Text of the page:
Tannin levels can be increased by keeping the grape skins in contact with the must for a longer amount of time. The amount of sulfur dioxide (SO2) added to the wine by the winemaker also determines how well the wine will age.
Sulfur dioxide is an antioxidant and antiseptic that limits oxidation and potential bacteria that can infiltrate a wine. This is why many “natural wines” are so unstable and not suited for long-term aging.
Without sulfur dioxide, the wine is extremely vulnerable to wine faults. To best store red wine, you need the information in this helpful article I wrote. It will really enlighten you and help save your red wine.
Does Wine Age in Barrels?
What exactly occurs when a wine is placed in an oak barrel to mature? Aging in oak barrels is a very popular option for winemakers to mature wine at the winery. The amount of time spent in the barrel, as well as the age and size of that barrel, will affect the wine.
A winemaker has a choice between a completely new, never used before oak barrel, or a barrel that has been used lightly or used for many wines prior. A new barrel will impart the greatest flavor and structure to a wine.
The wine will be higher in tannins and will have vanilla and toast flavors. New oak barrels are incredibly expensive, but they create very age-worthy wines. Aging wine in oak concentrates its flavor and often creates a more refined wine.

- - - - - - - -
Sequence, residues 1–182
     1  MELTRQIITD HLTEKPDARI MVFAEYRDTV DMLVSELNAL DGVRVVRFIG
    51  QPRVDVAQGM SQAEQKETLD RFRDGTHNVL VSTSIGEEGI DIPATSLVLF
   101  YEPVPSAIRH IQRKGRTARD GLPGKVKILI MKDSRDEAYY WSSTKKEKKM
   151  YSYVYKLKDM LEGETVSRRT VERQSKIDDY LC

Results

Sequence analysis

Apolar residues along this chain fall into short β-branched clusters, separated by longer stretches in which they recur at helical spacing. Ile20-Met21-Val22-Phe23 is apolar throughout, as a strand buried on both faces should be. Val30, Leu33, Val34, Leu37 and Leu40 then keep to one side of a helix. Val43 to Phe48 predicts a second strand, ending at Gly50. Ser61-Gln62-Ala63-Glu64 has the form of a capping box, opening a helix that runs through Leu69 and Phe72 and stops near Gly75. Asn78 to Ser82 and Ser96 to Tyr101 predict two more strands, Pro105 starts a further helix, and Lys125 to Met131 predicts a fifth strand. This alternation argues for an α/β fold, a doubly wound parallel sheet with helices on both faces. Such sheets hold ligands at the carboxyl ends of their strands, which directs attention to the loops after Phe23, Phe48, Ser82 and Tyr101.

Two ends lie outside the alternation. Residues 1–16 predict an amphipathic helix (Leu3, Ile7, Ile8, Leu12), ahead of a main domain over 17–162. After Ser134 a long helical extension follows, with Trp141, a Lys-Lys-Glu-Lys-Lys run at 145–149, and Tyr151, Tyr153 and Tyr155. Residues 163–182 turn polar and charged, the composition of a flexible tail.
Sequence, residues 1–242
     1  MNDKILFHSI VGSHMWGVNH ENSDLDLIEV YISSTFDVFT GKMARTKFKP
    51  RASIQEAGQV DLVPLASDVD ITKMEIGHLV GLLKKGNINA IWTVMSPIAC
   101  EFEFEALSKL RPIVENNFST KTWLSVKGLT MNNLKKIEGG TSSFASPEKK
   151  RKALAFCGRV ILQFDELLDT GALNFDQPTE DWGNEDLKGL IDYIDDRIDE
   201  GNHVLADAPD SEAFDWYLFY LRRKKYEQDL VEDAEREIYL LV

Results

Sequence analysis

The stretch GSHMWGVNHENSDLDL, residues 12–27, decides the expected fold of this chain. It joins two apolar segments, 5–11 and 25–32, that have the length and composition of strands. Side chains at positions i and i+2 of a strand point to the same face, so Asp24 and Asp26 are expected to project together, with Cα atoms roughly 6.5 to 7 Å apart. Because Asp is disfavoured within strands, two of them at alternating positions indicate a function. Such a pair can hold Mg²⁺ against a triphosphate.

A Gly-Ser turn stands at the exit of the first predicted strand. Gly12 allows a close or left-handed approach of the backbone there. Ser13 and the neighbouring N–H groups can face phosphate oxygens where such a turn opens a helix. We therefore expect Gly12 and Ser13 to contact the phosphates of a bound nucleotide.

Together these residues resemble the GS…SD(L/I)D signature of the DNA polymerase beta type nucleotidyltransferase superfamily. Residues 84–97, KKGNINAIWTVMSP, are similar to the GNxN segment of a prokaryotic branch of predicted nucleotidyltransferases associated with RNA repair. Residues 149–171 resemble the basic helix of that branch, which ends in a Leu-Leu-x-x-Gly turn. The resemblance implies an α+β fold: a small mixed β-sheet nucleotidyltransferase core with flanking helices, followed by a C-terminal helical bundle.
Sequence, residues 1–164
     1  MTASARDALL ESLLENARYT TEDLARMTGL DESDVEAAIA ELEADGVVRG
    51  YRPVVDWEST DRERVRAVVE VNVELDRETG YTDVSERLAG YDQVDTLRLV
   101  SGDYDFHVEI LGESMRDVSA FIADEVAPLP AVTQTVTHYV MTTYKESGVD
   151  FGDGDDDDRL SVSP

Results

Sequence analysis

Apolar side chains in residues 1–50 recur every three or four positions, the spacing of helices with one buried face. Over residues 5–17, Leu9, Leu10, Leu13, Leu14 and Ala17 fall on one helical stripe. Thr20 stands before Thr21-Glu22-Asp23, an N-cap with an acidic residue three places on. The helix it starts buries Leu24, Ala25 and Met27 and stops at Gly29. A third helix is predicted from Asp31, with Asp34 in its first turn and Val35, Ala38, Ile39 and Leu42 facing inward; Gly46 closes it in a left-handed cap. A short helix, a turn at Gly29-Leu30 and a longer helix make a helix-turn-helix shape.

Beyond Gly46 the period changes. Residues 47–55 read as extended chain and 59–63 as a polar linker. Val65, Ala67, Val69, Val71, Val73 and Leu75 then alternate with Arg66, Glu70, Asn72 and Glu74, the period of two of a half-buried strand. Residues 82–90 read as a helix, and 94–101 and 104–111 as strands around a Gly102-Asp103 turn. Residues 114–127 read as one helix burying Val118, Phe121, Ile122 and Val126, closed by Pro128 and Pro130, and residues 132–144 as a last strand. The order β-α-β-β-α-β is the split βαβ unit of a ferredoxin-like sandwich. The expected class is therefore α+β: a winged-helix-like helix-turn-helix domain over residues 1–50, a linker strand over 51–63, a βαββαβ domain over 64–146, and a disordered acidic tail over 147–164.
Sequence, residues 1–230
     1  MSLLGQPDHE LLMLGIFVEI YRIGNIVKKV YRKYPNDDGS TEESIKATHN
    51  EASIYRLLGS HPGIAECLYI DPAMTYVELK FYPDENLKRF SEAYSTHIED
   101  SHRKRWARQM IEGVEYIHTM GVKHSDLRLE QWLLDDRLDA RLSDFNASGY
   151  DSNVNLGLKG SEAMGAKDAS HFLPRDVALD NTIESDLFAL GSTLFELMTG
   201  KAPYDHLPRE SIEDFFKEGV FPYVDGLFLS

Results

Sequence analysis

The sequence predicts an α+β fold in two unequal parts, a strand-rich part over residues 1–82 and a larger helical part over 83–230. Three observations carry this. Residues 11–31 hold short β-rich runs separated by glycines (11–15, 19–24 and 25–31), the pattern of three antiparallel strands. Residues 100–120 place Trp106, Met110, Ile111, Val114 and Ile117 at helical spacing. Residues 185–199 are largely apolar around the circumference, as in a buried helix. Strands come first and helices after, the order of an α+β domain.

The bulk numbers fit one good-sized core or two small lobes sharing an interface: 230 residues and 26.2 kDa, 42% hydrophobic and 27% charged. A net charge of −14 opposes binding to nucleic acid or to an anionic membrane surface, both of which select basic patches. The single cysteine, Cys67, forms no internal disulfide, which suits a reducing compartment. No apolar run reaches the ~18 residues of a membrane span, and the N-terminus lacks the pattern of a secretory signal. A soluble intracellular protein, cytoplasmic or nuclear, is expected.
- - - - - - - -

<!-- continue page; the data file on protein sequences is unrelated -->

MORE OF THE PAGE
Oak barrels contribute to the physiological compounds that allow a wine to age, but they also play an active role in aging the wine while it is still in the barrel. Oak barrels allow for minuscule amounts of air to penetrate through to the wine inside, which very slowly ages the wine.
Smaller oak barrels will allow more air to reach the wine, while larger barrels will age the wine slower. This is one reason why higher-priced wines are often the best wines for long term aging. The size of the barrel also has a large impact on the finished product and aging capacity of wine.
Smaller barrels (“barriques”) will impart a greater amount of flavor and texture because there is a greater amount of surface area touching the wine at one time. Larger barrels, like Italian “botti,” will impart less flavor because there is less surface area to reach the wine.
Does Wine Age in the Bottle?
Wine continues its aging journey in the bottle itself. Some wineries will opt to age wine for their customers to ensure wines are consumed at their peak. This is becoming less and less common, however, so most of the time you must exhibit the self-restraint to age your wine yourself.